enough when the new cassette is installed. Other changes are more significant in complexity and
    $$$$$$$$$$$$$$$$$. Enjoy the challenge of the hills, but save your knees.

    David Ornee, Western Springs, IL (wishing I could be riding California hills)
     
  9. "Wayne T" <[email protected]> wrote in message
    news:[email protected]...
    >
    > "one of the six billion" <[email protected]> wrote in message
    > news:[email protected]...
    > > The easiest thing for you to do would be change the back to a 12-27, or
    > get
    > > a 13-30 from Sheldon Brown. You might need a rear deraileur also.
    >
    > Also, If you replace the 39 with something smaller, you may have to
    replace
    > the 52 with something smaller as well. I can't remember the numbers but there is a maximum jump
    > you can make from the smaller ring to the larger. It might be 14 teeth. I'm sure some of the very
    > knowlegeable here could answer that.
    > >
    > >
    > >

    You can't change the front inner ring to anything smaller than 38 teeth without getting a new crank.
    (although doing so is a good solution. I live in a similarly hilly area and I use a 34/48 in front
    with a 12/25 in back, you don't need to do anything except change the crank and bottom bracket, I
    sure wish there were a wider selection of 110 bcd doubles around)
     
  10. Terry Morse

    Terry Morse Guest

    Steve B wrote:

    > Granted, I am getting back down to my fighting weight, but I am wondering if I can change my
    > gearing to make it a little easier. I've got a two-ring set up with a 52 and a 39. It's a nine
    > speed Ultegra set up.

    The easiest and cheapest solution is to replace your current cassete with one that has a wider
    ratio. I don't know for sure, but you may also need to replace your rear derailleur, depending on
    which cassette you get. On group rides, I'm seeing more and more wide range cassettes with XT
    derailleurs on double-chainring road bikes these days. A couple of stock 9-speed cassette sizes to
    consider (13-25, 12-27). Both of these probably have lower gearing than what you have now.

    You can play with Sheldon Brown's gear calculator to help you find the cogs that might suit you:

    http://www.sheldonbrown.com/gears/

    Sheldon's custom "century special" cassette (13-30) is another option.

    --
    terry morse Palo Alto, CA http://www.terrymorse.com/bike/
     
  11. In article <[email protected]>, Steve B <[email protected]> wrote:

    >I am a newbie to road biking, from mountain biking. I JUST bought a used LeMond Zurich on Thursday,
    >and have been on two rides. I LOVE
    >it.

    Sounds like yer off to a good start.

    >Here's the problem/question... **Why is road biking so hard, and how do I make it easier?**

    What do you mean by "hard"?

    >Granted, I am getting back down to my fighting weight, but I am wondering if I can change my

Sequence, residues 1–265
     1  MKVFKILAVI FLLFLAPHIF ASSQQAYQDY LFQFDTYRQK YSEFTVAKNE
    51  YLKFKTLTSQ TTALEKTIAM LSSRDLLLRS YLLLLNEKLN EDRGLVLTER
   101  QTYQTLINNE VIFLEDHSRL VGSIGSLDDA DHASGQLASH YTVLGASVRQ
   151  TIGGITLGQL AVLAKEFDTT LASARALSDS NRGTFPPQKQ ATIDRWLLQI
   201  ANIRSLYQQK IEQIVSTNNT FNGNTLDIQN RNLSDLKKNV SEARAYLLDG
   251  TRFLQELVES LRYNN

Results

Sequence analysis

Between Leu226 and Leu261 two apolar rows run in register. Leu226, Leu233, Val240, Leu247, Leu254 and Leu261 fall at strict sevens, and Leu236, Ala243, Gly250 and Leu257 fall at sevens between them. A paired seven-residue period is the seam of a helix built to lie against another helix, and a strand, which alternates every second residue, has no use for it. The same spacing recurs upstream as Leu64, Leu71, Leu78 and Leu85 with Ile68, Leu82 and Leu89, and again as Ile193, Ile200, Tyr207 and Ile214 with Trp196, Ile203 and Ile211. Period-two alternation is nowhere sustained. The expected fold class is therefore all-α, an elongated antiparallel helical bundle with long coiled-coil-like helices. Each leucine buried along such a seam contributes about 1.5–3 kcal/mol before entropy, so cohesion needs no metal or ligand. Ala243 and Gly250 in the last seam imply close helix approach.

>gearing to make it a little easier. I've got a two-ring set up with a 52 and a 39.

    If you're used to climbing hills with a 22-tooth mt. bike chainring, 39 is going to be a workout,
    and while it will get easier, it's nice to have low gears available for climbing hills, despite what
    other posters to other threads claim. Yes, you can certainly adjust your gearing, though 130 mm
    bolt- circle-diameter chainrings of the sort your Ulcera setup requires don't get much smaller than
    39 teeth, if at all. Anything smaller would require smaller cranks or switching to a triple.
    Happily, this solution isn't as expensive as it useta be, but you'll still have to change out the
    bottom bracket, crank, front derailleur and front shifter gizmo, and this is easily sounding like
    $150 - $200.

    If you only have two rides in and the bike still looks new, perhaps the shop you bought it from will
    consider taking it back and letting you buy a triple-equipped bike instead, which is what they
    should have sold you in the first place.

    Alternatively, you can always watch for a cheap triple-equipped bike on Ebay--a few months ago you
    could have picked up my nice low-end Specialized for $150 or less. Others will undoubtedly pop up.

    --
    ---
    Eric Holeman eholem1 at uic,edu Chicago Illinois USA
     
  12. Watimena

    Watimena Guest

    Are you from America?

    If so I understand why you did not get that last post. You see Americans get conditioned to consume
    from a very young age........

    Anything that goes against that is either cryptic and not worth the effort to think about, or
    it's Communism

    Jeremy

    "ari" <[email protected]> wrote in message news:[email protected]...
    > can someone help me out, I lost the decoder ring needed to read cryptic posts.
    >
    >
    > "Doug Huffman" <[email protected]> wrote in message
    > news:[email protected]...
    > > What you do with what you have is more important than what you have.
    Work
    > > with the bike you have until it is easy. By then you will have enough experience to move to the
    > > next step in your evolution as a cyclist and
    not
    > > as a conspicuous consumer.
    > >
    > >
    > > "Steve B" <[email protected]> wrote in message
    > > news:[email protected]...
    > > > Hi,
    > > >
    > > > I am a newbie to road biking, from mountain biking. I JUST bought a used LeMond Zurich on
    > > > Thursday, and have been on two rides. I LOVE
    > > > it.
    > > >
    > > > Here's the problem/question...
    > > >
    > > > **Why is road biking so hard, and how do I make it easier?**
    > > >